Coffee heat rising

Loafifying…

How was your Thanksgiving? I hope a pleasant holiday was had by one and all! Mijito and I went over to his friends’ house…they not being middle-aged bachelors are happily married with half-grown kids and large extended families. Had a great time!

Today, I’m hanging out at the Funny Farm doing…nothing. Exactly nothing.

This loafing stuff has gotta stop! I’ve become addicted to it. I’ve learned to loaf with élan thanks to the Covid terror…I don’t even go to grocery stores anymore: just send a delivery person or order on Amazon. Walk the dog twice a day. And that’s it, in the mobility department.

The plague thing, it appears, is never gonna go away.  This is ducky: Looks like we’re going to have to run out and get a new set of shots every time the damn virus mutates into some new strain.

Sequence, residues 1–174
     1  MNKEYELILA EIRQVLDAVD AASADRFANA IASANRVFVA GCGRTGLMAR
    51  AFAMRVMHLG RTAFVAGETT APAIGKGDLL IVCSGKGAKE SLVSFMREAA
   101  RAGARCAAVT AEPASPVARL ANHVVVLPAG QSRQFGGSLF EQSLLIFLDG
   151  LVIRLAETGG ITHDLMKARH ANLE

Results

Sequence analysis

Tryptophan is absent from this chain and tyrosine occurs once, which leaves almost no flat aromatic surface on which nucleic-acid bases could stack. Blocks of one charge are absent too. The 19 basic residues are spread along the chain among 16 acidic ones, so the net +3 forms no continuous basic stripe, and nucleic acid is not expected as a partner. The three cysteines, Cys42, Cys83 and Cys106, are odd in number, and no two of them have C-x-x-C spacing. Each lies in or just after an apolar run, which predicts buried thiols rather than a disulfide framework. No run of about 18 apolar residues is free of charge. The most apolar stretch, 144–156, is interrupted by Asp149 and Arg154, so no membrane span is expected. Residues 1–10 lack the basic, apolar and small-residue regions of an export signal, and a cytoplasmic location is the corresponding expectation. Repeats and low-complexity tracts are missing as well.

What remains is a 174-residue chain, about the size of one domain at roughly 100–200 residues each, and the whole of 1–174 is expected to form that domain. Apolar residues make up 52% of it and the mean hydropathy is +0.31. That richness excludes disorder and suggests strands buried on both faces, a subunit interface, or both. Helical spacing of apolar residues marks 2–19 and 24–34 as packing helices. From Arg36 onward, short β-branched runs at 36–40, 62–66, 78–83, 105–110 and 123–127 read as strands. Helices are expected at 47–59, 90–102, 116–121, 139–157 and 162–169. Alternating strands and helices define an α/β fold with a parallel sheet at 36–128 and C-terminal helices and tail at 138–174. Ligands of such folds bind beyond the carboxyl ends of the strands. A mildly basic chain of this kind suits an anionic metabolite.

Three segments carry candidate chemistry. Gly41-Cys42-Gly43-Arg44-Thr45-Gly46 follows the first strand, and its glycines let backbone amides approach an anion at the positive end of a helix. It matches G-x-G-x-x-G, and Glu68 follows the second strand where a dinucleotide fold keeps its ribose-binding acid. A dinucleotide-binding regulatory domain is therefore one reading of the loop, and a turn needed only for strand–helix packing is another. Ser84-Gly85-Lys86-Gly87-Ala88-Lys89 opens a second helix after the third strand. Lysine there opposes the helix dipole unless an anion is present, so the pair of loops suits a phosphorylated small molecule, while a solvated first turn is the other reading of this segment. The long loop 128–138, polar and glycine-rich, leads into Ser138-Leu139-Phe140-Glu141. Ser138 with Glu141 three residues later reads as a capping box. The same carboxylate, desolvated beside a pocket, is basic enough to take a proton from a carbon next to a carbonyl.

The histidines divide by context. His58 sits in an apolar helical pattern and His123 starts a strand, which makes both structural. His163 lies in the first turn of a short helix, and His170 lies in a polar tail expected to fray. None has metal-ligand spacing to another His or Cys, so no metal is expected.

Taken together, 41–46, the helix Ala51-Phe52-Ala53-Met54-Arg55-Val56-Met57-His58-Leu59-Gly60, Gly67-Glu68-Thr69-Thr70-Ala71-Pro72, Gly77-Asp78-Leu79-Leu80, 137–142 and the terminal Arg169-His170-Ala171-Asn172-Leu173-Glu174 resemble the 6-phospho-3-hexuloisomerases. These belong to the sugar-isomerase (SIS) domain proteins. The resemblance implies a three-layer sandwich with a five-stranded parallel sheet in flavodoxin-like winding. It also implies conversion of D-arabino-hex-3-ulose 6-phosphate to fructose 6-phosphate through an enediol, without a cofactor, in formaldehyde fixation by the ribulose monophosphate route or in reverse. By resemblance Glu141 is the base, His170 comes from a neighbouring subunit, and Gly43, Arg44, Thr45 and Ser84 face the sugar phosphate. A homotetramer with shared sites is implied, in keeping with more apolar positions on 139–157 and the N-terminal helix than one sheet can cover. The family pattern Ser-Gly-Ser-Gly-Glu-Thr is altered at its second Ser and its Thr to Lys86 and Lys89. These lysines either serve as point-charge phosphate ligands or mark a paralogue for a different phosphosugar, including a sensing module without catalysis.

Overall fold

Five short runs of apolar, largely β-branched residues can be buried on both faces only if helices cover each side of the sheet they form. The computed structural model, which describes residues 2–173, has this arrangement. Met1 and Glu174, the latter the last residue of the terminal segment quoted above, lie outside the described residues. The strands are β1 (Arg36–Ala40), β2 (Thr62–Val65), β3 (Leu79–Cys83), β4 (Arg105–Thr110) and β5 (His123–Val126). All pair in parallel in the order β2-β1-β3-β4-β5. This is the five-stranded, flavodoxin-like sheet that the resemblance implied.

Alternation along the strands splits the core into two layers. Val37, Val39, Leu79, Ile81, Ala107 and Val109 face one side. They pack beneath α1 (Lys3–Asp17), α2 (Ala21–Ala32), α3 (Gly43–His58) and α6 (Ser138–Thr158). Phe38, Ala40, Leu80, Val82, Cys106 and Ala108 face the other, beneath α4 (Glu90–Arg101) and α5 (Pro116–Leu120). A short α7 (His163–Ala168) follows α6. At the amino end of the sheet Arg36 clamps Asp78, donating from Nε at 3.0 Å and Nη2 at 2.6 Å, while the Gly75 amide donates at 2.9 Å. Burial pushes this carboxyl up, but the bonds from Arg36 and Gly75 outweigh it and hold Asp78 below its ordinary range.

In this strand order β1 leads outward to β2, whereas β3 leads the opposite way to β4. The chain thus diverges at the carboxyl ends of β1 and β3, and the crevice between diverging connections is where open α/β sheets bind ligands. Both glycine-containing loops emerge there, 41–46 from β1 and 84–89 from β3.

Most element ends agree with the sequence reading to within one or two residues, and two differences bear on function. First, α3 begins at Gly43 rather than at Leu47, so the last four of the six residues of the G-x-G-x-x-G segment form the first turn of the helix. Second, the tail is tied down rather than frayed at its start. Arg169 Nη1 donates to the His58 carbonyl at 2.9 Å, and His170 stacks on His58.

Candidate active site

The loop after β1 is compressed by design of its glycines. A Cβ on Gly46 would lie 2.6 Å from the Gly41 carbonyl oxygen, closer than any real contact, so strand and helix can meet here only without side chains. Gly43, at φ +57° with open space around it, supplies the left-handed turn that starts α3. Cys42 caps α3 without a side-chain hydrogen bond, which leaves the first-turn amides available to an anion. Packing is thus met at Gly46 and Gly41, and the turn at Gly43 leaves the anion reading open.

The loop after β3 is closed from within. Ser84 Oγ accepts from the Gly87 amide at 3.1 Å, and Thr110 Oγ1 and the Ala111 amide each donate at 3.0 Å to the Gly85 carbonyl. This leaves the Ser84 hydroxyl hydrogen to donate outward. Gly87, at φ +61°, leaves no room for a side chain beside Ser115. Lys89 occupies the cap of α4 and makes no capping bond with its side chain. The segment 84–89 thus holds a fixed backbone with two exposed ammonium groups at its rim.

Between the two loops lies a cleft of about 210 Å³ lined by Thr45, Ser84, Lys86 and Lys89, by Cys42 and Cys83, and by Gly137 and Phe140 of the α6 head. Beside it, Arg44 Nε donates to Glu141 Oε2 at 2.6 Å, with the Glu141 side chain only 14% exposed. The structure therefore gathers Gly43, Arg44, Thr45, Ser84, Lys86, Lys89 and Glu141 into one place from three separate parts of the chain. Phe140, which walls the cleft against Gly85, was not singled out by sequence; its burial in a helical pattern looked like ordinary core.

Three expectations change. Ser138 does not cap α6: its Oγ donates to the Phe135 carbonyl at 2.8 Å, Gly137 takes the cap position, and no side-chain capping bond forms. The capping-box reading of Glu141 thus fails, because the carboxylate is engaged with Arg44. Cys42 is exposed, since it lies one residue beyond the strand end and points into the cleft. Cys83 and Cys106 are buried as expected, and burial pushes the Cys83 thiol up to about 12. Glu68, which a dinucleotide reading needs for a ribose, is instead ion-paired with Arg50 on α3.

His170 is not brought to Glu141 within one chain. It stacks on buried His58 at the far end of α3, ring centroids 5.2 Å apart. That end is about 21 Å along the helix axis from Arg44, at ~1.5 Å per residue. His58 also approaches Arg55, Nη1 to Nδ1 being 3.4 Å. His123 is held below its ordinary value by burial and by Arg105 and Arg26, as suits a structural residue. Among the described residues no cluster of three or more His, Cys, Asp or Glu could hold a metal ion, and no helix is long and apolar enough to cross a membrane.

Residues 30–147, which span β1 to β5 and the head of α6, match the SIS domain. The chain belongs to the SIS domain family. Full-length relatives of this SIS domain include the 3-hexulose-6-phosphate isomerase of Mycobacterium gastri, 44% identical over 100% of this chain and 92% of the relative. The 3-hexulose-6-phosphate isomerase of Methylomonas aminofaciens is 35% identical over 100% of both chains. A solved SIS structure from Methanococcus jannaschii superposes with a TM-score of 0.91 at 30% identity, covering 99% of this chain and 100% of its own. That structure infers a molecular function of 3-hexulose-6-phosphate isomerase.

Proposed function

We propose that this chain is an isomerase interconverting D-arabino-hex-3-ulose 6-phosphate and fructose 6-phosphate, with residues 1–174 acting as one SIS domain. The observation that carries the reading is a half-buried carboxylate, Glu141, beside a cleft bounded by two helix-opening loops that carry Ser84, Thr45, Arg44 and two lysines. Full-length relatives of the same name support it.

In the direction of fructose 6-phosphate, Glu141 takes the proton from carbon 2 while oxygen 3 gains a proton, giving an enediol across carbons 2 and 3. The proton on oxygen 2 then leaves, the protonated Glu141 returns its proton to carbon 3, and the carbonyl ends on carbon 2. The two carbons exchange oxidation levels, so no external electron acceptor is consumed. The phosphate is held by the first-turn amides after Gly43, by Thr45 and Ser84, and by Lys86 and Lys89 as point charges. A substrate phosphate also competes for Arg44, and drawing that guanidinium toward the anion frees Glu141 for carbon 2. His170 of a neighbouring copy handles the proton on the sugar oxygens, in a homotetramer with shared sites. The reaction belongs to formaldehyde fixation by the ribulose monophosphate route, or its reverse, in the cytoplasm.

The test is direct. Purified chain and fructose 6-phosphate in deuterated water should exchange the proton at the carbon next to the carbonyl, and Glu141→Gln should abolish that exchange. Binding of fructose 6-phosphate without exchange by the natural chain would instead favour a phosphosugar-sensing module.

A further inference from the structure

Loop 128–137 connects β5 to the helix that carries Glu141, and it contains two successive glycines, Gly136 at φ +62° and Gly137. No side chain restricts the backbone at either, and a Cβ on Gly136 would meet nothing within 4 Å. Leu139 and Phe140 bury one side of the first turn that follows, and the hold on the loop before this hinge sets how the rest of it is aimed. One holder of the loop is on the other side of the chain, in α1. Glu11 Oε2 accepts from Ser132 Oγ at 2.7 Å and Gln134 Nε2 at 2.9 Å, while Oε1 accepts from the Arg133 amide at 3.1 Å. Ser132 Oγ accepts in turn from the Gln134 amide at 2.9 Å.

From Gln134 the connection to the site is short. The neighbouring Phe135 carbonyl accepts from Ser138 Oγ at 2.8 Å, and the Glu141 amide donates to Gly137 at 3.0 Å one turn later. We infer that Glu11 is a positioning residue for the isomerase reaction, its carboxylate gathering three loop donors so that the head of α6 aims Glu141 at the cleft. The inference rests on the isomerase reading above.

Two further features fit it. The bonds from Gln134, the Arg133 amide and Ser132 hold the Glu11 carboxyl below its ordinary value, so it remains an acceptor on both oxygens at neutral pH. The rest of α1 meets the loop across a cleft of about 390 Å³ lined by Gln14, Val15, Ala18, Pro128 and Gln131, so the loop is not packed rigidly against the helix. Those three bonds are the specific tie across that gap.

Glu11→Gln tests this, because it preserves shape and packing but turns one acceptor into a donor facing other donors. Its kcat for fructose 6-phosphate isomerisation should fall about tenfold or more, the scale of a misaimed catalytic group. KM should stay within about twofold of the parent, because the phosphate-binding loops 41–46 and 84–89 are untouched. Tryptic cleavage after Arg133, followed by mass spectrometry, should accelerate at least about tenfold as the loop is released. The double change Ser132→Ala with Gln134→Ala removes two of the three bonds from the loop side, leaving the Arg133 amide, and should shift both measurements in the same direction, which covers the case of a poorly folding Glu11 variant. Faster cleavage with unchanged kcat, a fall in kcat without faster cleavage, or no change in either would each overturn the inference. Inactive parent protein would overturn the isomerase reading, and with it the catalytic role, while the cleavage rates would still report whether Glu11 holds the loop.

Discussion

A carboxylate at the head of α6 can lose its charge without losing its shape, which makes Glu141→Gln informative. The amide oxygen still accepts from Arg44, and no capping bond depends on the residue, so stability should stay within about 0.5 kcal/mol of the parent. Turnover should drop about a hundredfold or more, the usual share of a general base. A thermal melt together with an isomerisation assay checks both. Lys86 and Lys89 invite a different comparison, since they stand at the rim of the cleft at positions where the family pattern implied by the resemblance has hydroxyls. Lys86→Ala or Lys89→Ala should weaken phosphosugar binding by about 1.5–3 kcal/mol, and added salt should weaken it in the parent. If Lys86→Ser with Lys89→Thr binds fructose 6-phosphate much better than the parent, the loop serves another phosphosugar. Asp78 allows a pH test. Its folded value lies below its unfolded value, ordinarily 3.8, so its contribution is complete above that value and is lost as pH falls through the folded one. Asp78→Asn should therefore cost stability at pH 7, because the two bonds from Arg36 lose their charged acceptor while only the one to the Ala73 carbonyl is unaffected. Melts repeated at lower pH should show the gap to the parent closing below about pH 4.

Dunno about you, but I’m getting mighty tired of the lock-up in solitary confinement. I see no one. I go nowhere. I do nothing. And I’m mighty tired of it! {whine}

That’s only a slight exaggeration. Driving around in parts of town where I haven’t gone since the lockdown began is vaguely disorienting. The city continues to evolve as we sit hunkered down in our caves. Normally, I’d be driving through those areas even if I wasn’t going TO a destination there, just to get from Point A to Point B. But since I don’t go to Point B anymore — send the Instacart runner if I must, or else order stuff on Amazon — there actually are parts of the city where I haven’t gone in a year or more, since this whole flap arose. And without the church and choir, I have exactly zero social life. Thanksgiving at the kids’ (now middle-age parents’…) house was the first large social event I’ve been to since the horrible flap blew up.

And it looks like the solitary confinement is not gonna go away soon:  Pfizer says, sounding optimistic, that it can whip up a new vaccine for the Omicron variant in a mere 100 days — forgodsake, that’s three and a half months! Before it even starts to get to market…